Classic and charismatic 1: Manifestations

The church I grew up in, from ages 5-15, was a charismatic Anglican parish. My parents were involved in the charismatic renewal in the Anglican Church of Canada, so this meant that the charismatic movement came with them wherever we went. At our next parish, parish missions would have guest speakers associated with renewal, and we did some partnering in ministry with the local charismatic parish.

I grew up with modern liturgy, contemporary worship songs (mostly Vineyard and Graham Kendrick), and prayer ministry that at times involved people being “slain in the Spirit” off to the side as well as praying in tongues. And one lady at my church growing up was a prophet. I happily called myself an Anglican charismatic.

People with this sort of background who move into a preference for higher liturgy, hymns, and ancienter theology are often cynical of their upbringing and skeptical of the claims to the supernatural of those involved. I would say I have found a deeper foundation and rooting for my faith, but not that I have jettisoned the charismatic element.

One reason I cannot cast aside my charismatic roots is the fact that the manifestational gifts (charismata) of the Holy Spirit, for which the movement is named, are not only biblical and apostolic, they are also historic. Consider prophecy, visions, words of knowledge, healings, and tongues.

Prophecy

The Apostolic Fathers lived at a time when they still saw the prophetic ministry at work amongst them regularly. St Ignatius of Antioch (who may have been, as a bishop, horning in on the prophets’ territory) spoke in the prophetic voice in the 100s. So did St Cyprian in the 200s. St Hildegard of Bingen in the 1100s, if you read her Scivias, received many words from the Lord that call people to account. — that is to say, prophecies

Prophecy, as words from the Lord to His people, has not stopped.

Visions (and dreams)

St Hildegard had visions. Julian of Norwich had a vision in the 1400s which formed the basis of her Revelations of Divine Love. St Catherine of Siena had visions in the 1300s, too. St Patrick had a dream in the 400s that sent him on his missionary journeys in Ireland. Medieval Christianity abounded in visions and dreams — and the history of the Roman Catholic Church in the modern world has not seen any sign of such visions and dreams stopping.

If I take seriously the faith of the Fathers, I should take seriously the possibility of visions and dreams in my own age as well.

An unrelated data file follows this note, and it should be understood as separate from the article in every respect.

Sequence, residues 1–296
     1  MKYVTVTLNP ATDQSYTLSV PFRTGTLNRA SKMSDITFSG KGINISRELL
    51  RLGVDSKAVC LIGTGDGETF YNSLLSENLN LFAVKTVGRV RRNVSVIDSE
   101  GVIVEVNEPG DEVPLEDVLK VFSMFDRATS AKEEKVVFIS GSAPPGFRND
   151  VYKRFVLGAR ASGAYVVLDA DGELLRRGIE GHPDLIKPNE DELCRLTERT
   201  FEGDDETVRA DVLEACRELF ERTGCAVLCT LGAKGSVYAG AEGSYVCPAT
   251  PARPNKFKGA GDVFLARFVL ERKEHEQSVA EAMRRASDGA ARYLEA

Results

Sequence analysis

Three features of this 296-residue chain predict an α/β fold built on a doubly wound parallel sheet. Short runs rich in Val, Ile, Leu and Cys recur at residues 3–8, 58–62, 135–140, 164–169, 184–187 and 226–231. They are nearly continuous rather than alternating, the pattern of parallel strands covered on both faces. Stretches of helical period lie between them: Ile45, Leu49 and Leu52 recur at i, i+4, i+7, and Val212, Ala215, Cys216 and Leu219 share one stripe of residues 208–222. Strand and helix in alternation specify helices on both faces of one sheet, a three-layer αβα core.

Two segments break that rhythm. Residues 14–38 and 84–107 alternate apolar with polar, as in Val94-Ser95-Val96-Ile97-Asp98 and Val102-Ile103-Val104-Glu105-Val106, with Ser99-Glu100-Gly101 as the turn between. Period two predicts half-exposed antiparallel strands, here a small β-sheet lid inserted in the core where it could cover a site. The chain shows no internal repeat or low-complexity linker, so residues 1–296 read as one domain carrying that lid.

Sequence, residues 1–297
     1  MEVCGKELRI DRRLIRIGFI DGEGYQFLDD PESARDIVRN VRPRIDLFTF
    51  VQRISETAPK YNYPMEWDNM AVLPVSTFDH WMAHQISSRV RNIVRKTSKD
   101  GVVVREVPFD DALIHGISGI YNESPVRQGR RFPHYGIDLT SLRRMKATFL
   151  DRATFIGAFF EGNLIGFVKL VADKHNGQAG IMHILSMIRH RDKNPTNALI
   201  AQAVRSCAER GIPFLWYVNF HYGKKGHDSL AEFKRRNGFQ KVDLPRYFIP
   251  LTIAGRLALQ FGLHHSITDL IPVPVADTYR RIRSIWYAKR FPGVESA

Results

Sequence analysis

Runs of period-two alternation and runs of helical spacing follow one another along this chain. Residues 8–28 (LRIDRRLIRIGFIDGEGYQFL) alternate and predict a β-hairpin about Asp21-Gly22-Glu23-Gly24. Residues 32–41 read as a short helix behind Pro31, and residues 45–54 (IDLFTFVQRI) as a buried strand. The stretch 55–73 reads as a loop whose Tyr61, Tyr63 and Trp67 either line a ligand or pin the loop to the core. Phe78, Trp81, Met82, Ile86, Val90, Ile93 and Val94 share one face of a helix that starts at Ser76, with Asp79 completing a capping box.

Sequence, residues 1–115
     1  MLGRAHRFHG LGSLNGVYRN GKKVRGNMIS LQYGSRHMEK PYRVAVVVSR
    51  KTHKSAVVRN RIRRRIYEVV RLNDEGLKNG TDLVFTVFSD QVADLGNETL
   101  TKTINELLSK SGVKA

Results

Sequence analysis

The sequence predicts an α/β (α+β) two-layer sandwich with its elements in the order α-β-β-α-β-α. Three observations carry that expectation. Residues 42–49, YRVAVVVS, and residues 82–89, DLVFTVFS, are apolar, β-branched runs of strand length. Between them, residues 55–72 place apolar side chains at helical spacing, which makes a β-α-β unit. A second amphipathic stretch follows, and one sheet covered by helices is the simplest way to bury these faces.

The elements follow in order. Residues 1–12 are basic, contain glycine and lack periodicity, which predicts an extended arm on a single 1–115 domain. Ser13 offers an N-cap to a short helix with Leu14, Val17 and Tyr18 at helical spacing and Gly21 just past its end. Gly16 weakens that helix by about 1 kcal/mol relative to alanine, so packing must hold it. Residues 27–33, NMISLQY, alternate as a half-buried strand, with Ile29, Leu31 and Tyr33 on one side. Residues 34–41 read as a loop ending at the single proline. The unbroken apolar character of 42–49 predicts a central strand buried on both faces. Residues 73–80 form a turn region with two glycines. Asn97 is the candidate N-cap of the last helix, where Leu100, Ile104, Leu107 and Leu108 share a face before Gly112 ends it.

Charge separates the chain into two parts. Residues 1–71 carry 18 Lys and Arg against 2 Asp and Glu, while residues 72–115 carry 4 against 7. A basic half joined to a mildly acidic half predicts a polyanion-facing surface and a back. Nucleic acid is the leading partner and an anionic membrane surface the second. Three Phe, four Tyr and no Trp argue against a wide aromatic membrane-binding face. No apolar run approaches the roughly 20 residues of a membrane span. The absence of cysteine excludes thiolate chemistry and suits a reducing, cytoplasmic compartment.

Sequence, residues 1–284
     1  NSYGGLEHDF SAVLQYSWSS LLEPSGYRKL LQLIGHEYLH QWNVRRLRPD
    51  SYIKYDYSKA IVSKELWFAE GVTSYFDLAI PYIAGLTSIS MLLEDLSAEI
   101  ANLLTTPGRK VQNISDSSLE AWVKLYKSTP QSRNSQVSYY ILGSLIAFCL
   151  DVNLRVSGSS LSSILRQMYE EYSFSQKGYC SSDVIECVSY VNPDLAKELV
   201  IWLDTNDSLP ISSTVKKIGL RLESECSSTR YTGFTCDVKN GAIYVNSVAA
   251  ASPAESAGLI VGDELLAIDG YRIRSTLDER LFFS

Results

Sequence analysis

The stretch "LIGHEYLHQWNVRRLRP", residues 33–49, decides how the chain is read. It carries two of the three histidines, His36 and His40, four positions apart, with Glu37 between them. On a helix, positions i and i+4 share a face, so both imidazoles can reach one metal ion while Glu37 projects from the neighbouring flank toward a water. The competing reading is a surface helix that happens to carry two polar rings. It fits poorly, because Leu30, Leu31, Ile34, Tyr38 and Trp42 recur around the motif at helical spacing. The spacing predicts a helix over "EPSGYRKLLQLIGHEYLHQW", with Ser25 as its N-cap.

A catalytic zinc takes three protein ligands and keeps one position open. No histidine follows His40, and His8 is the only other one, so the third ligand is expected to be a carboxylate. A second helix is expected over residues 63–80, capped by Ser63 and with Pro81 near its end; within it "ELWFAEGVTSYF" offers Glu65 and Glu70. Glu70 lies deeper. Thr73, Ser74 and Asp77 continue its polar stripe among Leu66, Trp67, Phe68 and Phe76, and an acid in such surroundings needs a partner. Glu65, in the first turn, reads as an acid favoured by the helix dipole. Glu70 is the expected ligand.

Words of Knowledge

Here I think on the modern Greek Orthodox saint Porphyrios who often had special knowledge or words to share with people specific to their situation. Once a girl received a phone call from him because he was moved by the Spirit to call her. She had been contemplating suicide, and he saved her life.

Healings

St Augustine tells of a miraculous cure of haemorrhoids. The lives of the saints from Late Antiquity to today are crowded with healings and exorcisms. I know people today who have been prayed over and experienced an immediate and miraculous healing of an ailment.

Tongues

On Pentecost, the Apostles spoke in languages unknown to them. Something like this seemed to happen throughout Acts every time the Holy Spirit descended. Paul speaks about the gift of tongues in 1 Corinthians. In terms of a ‘prayer language’, possibly St Hildegard, the Moravians, and early Quakers displayed this. St Patrick claims to have heard one such language, but that’s not quite the same.

Nonetheless, missionaries have often been granted the ability to speak or understand foreign languages. An interesting case is a story of an Orthodox priest who was showing people around the Church of the Holy Sepulchre in Greek. An Israeli woman was listening to him, but she knew no Greek — yet she heard him speaking Hebrew, and the power of the Gospel converted her. The skeptic will wonder if it happened, the Christian will hope it is true! It is certainly not beyond the power of God nor outside the scope of things He did in the Bible.

Why would God’s MO suddenly change at the Protestant Reformation?